It started, as many personal crises do, in front of a mirror. I was a sophomore in college, and stark light from the naked incandescent bulb was bouncing off a part of my scalp I’d never seen before. I peered at it curiously in the glass. Before that very moment, my forehead was a finite plane: from my heavy Marx Bros. eyebrows, it had always ascended a moderate few inches up to a sheaf of tousled, wavy chestnut-brown hair. My grandparents always doted on the thickness of my hair. Healthy hair. Handsome hair. Good Italian hair. That was always that -- or it used to be.
In front of the bathroom mirror, at the ripe age of 19, my forehead had very clearly begun a northward march, which would have been less concerning but for the fact that foreheads don’t march anywhere. No, this was a retreat from above. For the first time, I felt the peculiar, knotty dread of genetic inevitability in my stomach. I switched off the light and left the room. It would be the last time I’d look in a mirror for a month, and it would take another nine for me to accept the truth I saw in the looking glass that day: I was balding young.
There is no more immediately visual indicator of human deterioration, I think, than a bald head. Wrinkles are only clear up close. Sagging breasts & backsides may be lifted with bras and compressed with Spanx and swaddled up beneath all manner of yoga pant. Erectile dysfunction has been so widely commercialized that these days it seems less like a failure of youth than a feature of age -- one that medical science is all too glad to remind you that it has solved. But even from a great distance, the message a bare scalp sends is unmistakable & undeniable. Here hath begun youth’s exodus.
Over the course of the next two years, I tumbled into a tight, manic spiral of hirsute obsession. I spent free time poring over Wikipedia pages on follicular stimulation. An avid collector of baseball caps, I ceased wearing them, for I’d heard that over the course of time, hats might damage hair’s roots. I made weekly trips to the pharmacy for Rogaine, and applied it to my head with the reverence of sacrement. I spent hundreds of dollars on Propecia -- at this moment in time, the only FDA-approved prescription drug designed to treat male pattern baldness -- because as a cosmetic ailment, it wasn’t covered by my medical insurance. Pomades, gels, conditioners, oils; you name it, I bought it, then slathered it onto my noggin.
Did it help? I don’t know. I don’t think so. But besides their upfront costs, these remedies didn’t hurt, either. The mirrors were a whole other story.
After my initial aversion, I became utterly fixated on my reflection. It was crippling insecurity masquerading as vanity: every mirror was an opportunity to ensure my hair was parted (combed, brushed, raked, swept, etc.) just so to mask the thinning wedges between my temples and the crown of my head. I was Bizarro Narcissus, so disgusted by my appearance that I couldn’t stop staring at it. Every haircut, my pulse would ratchet uncontrollably as I bore holes in the barbershop mirror, straining to see if my hair loss had reached levels so obvious as to become unbecoming. I missed classes. I showed up late to parties. I could not leave a mirror ‘til I was satisfied my good Italian hair was as thick & lustrous as it always had been, and always would be. I was a wretch.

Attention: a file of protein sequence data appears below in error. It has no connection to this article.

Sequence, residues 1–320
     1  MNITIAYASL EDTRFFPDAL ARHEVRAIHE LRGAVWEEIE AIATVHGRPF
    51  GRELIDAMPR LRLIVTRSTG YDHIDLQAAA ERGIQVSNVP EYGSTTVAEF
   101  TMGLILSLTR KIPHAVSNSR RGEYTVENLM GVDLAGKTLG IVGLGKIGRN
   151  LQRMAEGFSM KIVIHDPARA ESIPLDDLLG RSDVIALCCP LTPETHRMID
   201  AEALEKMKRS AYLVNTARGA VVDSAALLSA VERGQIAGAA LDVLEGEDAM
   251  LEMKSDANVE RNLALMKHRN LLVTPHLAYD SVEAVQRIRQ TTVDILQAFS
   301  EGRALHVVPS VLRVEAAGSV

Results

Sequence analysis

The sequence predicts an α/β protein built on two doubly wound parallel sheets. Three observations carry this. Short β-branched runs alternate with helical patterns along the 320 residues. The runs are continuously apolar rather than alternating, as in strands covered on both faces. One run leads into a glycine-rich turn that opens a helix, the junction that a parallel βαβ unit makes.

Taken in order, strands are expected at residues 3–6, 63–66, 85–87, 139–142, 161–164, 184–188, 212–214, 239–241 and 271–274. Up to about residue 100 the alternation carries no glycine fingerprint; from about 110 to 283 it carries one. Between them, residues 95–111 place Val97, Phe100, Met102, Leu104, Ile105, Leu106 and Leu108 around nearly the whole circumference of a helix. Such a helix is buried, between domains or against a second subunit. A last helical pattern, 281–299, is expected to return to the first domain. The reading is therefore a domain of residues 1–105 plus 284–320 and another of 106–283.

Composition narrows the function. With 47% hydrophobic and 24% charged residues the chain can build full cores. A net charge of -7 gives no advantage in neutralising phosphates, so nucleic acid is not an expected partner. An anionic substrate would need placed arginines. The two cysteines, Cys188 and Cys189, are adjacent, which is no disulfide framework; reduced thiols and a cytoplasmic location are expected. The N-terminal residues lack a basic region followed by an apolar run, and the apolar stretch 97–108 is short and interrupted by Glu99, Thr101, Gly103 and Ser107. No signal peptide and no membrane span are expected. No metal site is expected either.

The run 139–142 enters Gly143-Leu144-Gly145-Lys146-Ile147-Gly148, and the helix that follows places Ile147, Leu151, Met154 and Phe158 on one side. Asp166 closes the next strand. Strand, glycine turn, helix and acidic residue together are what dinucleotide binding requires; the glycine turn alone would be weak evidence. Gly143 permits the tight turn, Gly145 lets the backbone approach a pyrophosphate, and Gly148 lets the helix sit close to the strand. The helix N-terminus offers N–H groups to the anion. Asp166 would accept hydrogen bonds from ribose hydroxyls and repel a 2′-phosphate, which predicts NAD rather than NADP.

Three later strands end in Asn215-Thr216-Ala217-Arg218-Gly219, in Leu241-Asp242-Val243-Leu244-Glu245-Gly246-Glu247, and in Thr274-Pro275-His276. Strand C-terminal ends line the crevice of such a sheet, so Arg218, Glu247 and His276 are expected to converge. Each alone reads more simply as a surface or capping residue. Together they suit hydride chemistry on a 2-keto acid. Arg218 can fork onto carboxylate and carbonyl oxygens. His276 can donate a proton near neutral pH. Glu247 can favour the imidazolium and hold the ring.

Despite it all, a million hairs fell from my head each day, as silently as snowflakes.
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Half a decade later, I’m still not what most people would call “bald,” but my hair is leagues beyond the waypoint of virulent youth. I wear it martially short in the summer, and slightly fuzzier in cold weather. It’s honey-brown now, because it’s got less density, and it’s undeniably thin. That’s for sure. If 19 year-old Dave saw what was in his future, he would’ve wept in horror. But 26 year-old Dave doesn’t spend a single red cent on hair-loss products, nor does he waste undue time gazing wistfully at his wispy dome in the mirror. I’ve recovered from the torturous flat spin of hair despair, at least for the moment. I stopped caring.
It ended around my 25th birthday. That knot of dread in my stomach untied itself, quietly skulking off into the far reaches of my psyche. Like a five-year fever, my obsession with my own decay had broken.
Would I prefer to have a tangled mane of curly locks cascading over my brow? Duh. I’m human, and most of us are at least a little vain. Borne away on a current of thousand-year-old hormones & biochemicals, my follicles have betrayed me. But they say the best revenge is living well, so I grew a mustache & shaved my head. Each time I see myself in the mirror, I grin bravely, and think: My hair is gone, but I’m still here. Then I turn off the light and leave the room. Our reflections can only grip us as long as we stand in front of them.